“Are they friends, Yvonne?” he asked anxiously.
The girl did her best to reassure him.
“Yes, yes, father,” she whispered close to his ear, her voice scarce above her breath; “they are good citizens who hoped to find the English milor here. They are disappointed that he has not yet come.”
“Ah! but he will come, of a surety,” said the old man in that querulous voice of his. “He left his beautiful clothes here this morning, and surely he will come to fetch them.” And his long, thin hand pointed towards a distant corner of the room.
Roger and his friends, looking to where he was pointing, saw a parcel of clothes, neatly folded, lying on one of the chairs. Like so many wild cats snarling at sight of prey, they threw themselves upon those clothes, tearing them out from one another’s hands, turning them over and over as if to force the cloth and satin to yield up the secret that lay within their folds.
In the skirmish a scrap of paper fluttered to the ground. Roger seized it with avidity, and, crouching on the floor, smoothed the paper out against his knee.
It contained a few hastily scrawled words, and by the feeble light of the fast-dying candle Roger spelt them out laboriously:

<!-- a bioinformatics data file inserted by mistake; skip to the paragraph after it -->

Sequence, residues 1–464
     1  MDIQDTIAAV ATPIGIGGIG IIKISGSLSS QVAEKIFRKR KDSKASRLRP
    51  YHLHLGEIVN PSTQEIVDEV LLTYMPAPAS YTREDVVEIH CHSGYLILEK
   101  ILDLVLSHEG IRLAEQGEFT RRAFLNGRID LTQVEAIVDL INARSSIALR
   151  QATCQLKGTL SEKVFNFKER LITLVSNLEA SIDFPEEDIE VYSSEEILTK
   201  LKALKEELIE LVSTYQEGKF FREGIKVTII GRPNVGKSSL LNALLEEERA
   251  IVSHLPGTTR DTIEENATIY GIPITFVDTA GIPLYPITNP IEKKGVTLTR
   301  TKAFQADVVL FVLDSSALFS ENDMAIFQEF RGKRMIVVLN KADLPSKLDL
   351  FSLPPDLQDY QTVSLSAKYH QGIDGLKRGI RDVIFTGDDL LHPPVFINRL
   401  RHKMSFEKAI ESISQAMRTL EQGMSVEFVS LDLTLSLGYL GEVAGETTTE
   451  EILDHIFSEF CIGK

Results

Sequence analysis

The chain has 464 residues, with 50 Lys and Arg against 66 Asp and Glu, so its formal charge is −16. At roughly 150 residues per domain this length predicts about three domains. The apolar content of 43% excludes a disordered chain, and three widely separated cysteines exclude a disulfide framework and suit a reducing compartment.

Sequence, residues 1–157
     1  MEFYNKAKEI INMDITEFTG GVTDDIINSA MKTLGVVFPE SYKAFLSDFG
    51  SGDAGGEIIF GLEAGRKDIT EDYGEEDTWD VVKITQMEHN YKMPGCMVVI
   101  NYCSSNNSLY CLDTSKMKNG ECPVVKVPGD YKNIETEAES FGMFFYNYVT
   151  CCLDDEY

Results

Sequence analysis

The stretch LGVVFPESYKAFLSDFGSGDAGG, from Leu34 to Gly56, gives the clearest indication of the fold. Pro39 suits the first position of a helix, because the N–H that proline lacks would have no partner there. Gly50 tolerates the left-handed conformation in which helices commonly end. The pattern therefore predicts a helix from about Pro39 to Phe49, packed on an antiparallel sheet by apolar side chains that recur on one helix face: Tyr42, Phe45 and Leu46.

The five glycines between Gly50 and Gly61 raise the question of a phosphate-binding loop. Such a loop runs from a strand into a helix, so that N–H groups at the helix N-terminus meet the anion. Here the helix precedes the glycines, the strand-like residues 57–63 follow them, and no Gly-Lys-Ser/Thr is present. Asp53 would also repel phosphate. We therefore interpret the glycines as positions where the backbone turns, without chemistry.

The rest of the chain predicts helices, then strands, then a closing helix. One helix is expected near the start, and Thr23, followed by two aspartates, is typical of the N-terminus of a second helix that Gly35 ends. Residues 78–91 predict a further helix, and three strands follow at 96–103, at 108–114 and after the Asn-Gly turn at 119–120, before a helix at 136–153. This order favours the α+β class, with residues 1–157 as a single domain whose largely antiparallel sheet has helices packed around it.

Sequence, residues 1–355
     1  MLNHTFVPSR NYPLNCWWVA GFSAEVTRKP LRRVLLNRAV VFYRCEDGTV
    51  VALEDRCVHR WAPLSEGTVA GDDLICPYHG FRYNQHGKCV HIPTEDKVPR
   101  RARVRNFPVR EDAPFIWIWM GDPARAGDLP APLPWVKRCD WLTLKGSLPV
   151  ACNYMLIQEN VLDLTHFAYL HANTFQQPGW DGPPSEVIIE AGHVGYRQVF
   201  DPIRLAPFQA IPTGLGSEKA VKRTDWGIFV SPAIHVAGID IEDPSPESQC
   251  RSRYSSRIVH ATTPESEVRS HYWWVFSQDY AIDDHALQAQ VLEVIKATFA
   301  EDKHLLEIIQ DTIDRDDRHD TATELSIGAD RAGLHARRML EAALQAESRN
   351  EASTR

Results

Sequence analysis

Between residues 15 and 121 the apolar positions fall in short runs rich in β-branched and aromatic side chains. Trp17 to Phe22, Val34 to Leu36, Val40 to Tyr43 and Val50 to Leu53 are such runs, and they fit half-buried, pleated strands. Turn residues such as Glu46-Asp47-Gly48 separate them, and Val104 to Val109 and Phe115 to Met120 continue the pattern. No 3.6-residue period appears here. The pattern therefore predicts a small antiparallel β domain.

“If the finder of these clothes will take them to the cross-roads opposite the foot-bridge which leads straight to Courbevoie, and will do so before the clock of Courbevoie Church has struck the hour of midnight, he will be rewarded with the sum of five hundred francs.”
“There is something more, citizen Roger,” said a raucous voice close to his ear.
“Look! Look, citizen—in the bottom corner of the paper!”
“A scrawl done in red,” said Roger, trying to decipher it.
“It looks like a small flower.”
“That accursed Scarlet Pimpernel!”
And even as he spoke the guttering tallow candle, swaying in its socket, suddenly went out with a loud splutter and a sizzle that echoed through the desolate room like the mocking laugh of ghouls.
Once more the tramp through the dark and deserted streets, with the drizzle—turned now to sleet—beating on thinly clad shoulders. Fifteen men only on this tramp. The others remained behind to watch the house. Fifteen men, led by Roger, and with a blind old man, a young girl carrying a bundle of clothes, and two half-naked children dragged as camp-followers in the rear.
Their destination now was the sign-post which stands at the cross-roads, past the footbridge that leads to Courbevoie.
The guard at the Maillot Gate would have stopped the party, but Roger, member of the Committee of Public Safety, armed with his papers and his tricolour scarf, overruled Robespierre’s former orders, and the party mached out of the gate.
They pressed on in silence, instinctively walking shoulder to shoulder, vaguely longing for the touch of another human hand, the sound of a voice that would not ring weirdly in the mysterious night.